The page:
Even this argument, of course, ignores the fact that if you took the position that we could "contain" even a WMD-armed Saddam, nobody else is going to be much afraid of your earnest requests that they disarm and stop dissembling with UN inspectors; in fact, they are likely to reach the opposite conclusion. (Even Obama seemed to concede this point in 2004 when he suggested missile strikes against Iran's and Pakistan's nuclear facilities).

The bottom line? Obama's lucky he has such a short public record, because even the little that he has, he can't seem to keep straight.

Posted by Baseball Crank at 6:02 PM | Politics 2008 • | War 2007-14 | Comments (22) | TrackBack (0)


First off, welcome back. Second, you are reading too much into that 2002 speech, meaning I don't think he "argued that we could contain a WMD-armed Saddam," as you suggest. The statement that Saddam"has . . . developed chemical and biological weapons" does not mean that Obama believes that Saddam -had- biological and chemical weapons at the time he made the speech. I think the most that can be said from that speech is that Obama believed that through containment, we could prevent him from becoming a threat in the future. Based on that speech, I do not know what Obama would have done if he had known for sure that Saddam had WMD's.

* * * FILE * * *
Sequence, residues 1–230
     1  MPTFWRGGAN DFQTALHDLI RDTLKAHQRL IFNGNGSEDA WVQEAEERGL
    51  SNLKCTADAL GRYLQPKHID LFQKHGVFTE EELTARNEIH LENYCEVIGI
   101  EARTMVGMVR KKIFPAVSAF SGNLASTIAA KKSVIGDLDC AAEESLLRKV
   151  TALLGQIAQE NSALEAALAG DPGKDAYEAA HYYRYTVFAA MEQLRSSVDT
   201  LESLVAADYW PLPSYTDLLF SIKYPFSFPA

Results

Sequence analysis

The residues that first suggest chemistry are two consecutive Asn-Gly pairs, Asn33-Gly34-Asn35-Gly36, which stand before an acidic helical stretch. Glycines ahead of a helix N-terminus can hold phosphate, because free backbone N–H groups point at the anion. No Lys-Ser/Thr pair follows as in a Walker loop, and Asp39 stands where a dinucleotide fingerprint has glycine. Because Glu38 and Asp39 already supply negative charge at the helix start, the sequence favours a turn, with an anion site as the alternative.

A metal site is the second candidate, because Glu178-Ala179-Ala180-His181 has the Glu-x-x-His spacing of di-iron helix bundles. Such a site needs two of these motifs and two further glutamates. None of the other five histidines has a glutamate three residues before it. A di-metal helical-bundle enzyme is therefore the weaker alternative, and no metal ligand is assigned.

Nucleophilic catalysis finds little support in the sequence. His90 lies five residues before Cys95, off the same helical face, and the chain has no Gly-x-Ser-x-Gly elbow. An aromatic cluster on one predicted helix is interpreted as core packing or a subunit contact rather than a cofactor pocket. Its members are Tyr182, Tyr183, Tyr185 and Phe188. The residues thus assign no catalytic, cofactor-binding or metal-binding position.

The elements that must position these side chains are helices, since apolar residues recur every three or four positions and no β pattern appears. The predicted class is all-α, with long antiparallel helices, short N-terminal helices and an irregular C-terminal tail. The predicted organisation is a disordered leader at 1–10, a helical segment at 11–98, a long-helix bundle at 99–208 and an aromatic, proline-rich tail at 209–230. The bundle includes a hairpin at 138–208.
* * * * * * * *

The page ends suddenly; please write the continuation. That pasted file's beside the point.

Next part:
Posted by: MVH at August 18, 2008 6:42 PM

Thanks Crank -- I had never read that much of Obama's speech, and I gotta' say, he nailed it. In fact the wisdom and foresight contained in those excerpts make the rest of your post sound like radio static. What was your point? That his shoes didn't match his belt when he gave the speech. That's about how relevant your points were.

Obama acknowledged "Saddam developed chemical and biological weapons, and [has] coveted nuclear capacity." (Right). But he also did not believe Saddam was an imminent threat. (Right again). Why is this so hard to reconcile?

Posted by: Patrick at August 18, 2008 7:07 PM